Wild Gourd Farm

Organic Gardening in St. Louis City

Tag Archives: grow light

Seed Starting: New and Improved!

seedling trays under grow lightsWe’ve upgraded our seed-starting operation for this year. From our homemade grow light fixtures, we’ve graduated to four fluorescent shop lights hung on a 6′ x 3′ metal shelving unit. Right now we have about 1,000 seedlings under these lights in our basement; last year our set-up only allowed us to start about 300 at a time. 

2013_02_05_123It all started when we acquired this metal shelving unit and all the light fixtures from Eric’s grandfather, who passed away last year. He was a talented craftsman, and his resourcefulness inspired us to create this set up.

We hung each fluorescent light fixture to the underside of the shelves using chain and wire to suspend them. This will allow us to raise and lower the lights as needed. We also lined the back with foil to reflect light.

2013_02_16_126 2013_02_16_125

We started our seeds on February 9. We use the Jiffy seedling trays, which contain 72 cells for individual seedlings and come with greenhouse lids to help with germination. We’ve reused ours year after year. We speed up germination by putting some of the trays on heating pads made specifically for growing seedlings. We only have two of these pads, so we got creative. In the left photo, we put a milk crate upside down over a register and placed a seedling tray on top. The right photo shows a small side table with a wicker bottom shelf we placed over a register, which housed two full trays.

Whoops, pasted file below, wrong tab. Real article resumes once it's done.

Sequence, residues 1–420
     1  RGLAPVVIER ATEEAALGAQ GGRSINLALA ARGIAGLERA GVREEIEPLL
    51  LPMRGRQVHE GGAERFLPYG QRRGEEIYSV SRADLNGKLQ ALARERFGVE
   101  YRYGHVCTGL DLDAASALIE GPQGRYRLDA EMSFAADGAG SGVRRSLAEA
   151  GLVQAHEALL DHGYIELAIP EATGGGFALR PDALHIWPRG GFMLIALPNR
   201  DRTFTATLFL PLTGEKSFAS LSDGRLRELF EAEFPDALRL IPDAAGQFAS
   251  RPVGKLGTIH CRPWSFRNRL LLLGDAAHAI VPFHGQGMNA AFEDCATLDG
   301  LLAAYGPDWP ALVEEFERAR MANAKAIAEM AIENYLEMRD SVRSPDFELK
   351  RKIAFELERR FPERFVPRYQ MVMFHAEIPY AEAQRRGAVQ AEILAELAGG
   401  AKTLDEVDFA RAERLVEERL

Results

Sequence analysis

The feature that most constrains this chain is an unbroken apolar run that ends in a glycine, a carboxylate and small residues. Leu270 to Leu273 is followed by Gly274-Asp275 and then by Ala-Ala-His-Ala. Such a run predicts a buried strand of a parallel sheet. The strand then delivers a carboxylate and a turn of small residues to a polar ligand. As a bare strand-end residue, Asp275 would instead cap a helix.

seedlingsThe majority of the tomatoes germinated within 1 week. We removed the lids and put the trays under lights once germinated. This photo was taken February 16.

2013_03_02_233For our onions this year, we planted our seeds in a tray without cells. Half of the tray is planted with red onion, the other half is green onion. We’ll buy slips for white or yellow onions, depending on what we can find locally.

2013_03_02_235These are some of our pepper seedlings. This year we’re growing jalapeno, banana peppers, an heirloom variety from Baker Creek called lipstick, Marconi, and chocolate bell. The peppers take a little longer to germinate than tomatoes.

2013_03_02_236We planted an entire tray with one of our favorite varieties of tomatoes from last year- Costoluto Genovese. If you look toward the right side of the photo, you can see a seedling that shot up faster and taller than its fellow seedlings; we’ll be documenting this plant’s progress throughout the year, and if it lives up to its explosive beginnings, we’ll make sure to save seeds for next year!

2013_03_02_241A sea of tomatoes… we planted a tray of Arkansas Travelers and a bush variety we’ve been saving seeds from for years. We also have two full trays of cherry tomato varieties, including our favorite yellow, as well as some sungold, purple, and red. In smaller quantities, we started heirloom varieties Millionaire and Pierce’s Pride from Baker Creek (given to us free last year), Black Giant, Black Pineapple, and White Wonder.

We plan to plant about 100 tomato and 50 pepper plants this season. We’ll be selling the rest in the St. Louis area. We’ll be up-potting these soon and will continue to document the progress!

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Seedling Update

pepper seedlings

Pepper seedlings under grow lights